Fronting is when an older person, usually a parent, takes out an insurance policy in their own name and then adds a young driver as an occasional user to the policy. However instead of the older person being the main user of the vehicle as agreed with the insurer, the young driver is in fact the main user.
Consequences of fronting:
Fronting is an act of fraud. If the insurance company believes fronting has taken place the policy can be cancelled and a claim could be void. The insurance company can recover 3rd party costs from the policyholder potentially leaving a parent thousands of pounds out of pocket. The young driver can be treated as uninsured by police, resulting in a fine and 6 penalty points, enough to disqualify a restricted driver from driving. The young person will need to retake their driving test at the end of the disqualification period, and both the young driver and the parent will both face more expensive insurance in future.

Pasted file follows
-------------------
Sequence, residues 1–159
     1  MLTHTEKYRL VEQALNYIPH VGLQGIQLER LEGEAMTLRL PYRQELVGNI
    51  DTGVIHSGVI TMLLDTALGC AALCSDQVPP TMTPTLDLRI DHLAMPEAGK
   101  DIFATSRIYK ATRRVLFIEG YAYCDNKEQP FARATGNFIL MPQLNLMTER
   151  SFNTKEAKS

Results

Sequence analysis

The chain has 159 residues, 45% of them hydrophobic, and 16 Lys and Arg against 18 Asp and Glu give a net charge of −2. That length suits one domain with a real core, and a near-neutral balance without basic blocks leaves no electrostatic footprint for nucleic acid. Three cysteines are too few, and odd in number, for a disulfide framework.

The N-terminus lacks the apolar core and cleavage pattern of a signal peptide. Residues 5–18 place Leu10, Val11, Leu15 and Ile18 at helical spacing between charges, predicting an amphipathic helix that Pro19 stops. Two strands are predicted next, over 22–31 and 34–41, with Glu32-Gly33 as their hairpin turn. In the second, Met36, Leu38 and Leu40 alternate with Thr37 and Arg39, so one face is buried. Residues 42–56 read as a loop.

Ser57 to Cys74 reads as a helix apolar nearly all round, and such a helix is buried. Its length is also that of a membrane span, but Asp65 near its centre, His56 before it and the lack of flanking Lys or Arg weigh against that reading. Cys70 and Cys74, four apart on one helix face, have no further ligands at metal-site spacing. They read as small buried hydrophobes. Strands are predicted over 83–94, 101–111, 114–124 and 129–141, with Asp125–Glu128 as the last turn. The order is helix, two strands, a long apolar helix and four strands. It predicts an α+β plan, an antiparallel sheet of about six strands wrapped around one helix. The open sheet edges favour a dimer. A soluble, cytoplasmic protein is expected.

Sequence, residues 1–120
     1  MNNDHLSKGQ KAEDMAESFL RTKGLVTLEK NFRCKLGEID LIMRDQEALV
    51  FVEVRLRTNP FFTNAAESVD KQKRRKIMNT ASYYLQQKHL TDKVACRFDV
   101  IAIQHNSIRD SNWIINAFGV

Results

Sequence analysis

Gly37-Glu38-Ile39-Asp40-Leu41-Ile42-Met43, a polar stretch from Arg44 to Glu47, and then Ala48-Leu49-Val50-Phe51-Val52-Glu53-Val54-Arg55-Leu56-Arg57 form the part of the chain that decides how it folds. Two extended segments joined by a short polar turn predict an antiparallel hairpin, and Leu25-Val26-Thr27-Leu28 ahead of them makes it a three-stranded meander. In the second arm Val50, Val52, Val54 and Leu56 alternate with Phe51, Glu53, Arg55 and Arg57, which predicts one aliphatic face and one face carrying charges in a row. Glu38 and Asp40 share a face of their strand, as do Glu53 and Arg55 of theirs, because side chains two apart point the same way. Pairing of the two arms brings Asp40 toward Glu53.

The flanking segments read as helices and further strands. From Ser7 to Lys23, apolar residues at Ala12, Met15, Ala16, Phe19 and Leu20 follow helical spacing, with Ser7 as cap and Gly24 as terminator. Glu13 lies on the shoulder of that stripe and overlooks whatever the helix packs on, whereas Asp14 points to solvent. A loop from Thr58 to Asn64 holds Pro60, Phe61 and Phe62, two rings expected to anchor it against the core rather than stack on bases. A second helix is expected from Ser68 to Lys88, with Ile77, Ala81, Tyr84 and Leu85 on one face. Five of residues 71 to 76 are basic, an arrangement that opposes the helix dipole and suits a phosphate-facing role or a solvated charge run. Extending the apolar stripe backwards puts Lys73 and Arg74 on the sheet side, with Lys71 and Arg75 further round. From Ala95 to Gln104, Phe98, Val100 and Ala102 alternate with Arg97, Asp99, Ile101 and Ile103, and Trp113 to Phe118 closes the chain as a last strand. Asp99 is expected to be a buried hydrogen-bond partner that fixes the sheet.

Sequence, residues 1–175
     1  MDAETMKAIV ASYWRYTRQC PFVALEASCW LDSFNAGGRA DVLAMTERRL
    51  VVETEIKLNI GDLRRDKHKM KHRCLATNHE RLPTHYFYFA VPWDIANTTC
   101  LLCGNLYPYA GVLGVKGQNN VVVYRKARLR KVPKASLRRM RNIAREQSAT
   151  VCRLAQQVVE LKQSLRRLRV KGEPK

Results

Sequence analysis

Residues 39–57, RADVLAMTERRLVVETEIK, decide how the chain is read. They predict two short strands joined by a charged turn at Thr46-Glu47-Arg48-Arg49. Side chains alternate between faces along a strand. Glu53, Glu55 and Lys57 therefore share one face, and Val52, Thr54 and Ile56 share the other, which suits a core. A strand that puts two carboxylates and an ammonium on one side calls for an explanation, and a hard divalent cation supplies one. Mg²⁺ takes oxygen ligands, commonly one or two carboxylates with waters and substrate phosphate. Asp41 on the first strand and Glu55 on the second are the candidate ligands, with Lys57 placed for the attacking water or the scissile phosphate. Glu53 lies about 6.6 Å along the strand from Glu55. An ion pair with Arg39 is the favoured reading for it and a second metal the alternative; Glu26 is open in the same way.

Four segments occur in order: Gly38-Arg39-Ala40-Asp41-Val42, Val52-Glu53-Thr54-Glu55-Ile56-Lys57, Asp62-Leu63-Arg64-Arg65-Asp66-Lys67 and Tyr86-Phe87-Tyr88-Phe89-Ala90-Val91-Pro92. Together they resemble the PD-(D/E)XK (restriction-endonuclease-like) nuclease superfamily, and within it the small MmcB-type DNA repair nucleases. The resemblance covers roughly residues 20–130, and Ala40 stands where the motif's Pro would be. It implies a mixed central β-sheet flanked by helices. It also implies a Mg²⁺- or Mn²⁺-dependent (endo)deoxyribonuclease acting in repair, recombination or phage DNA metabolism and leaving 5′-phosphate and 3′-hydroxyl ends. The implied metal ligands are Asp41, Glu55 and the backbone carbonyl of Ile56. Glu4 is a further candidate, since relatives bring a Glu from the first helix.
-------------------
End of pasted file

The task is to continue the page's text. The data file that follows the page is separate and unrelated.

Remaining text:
Fronting is easy to spot!
Insurance companies are not stupid; if you have a collision they will check to see if the older person is the main driver of any other car. If there are as many cars as drivers in the household then fronting will be obvious. If the car is registered to the young driver or if the collision involves a young driver on their way to or from school or work then insurers will suspect fronting. If you are worried about insuring yourself correctly we recommend that you speak to a broker.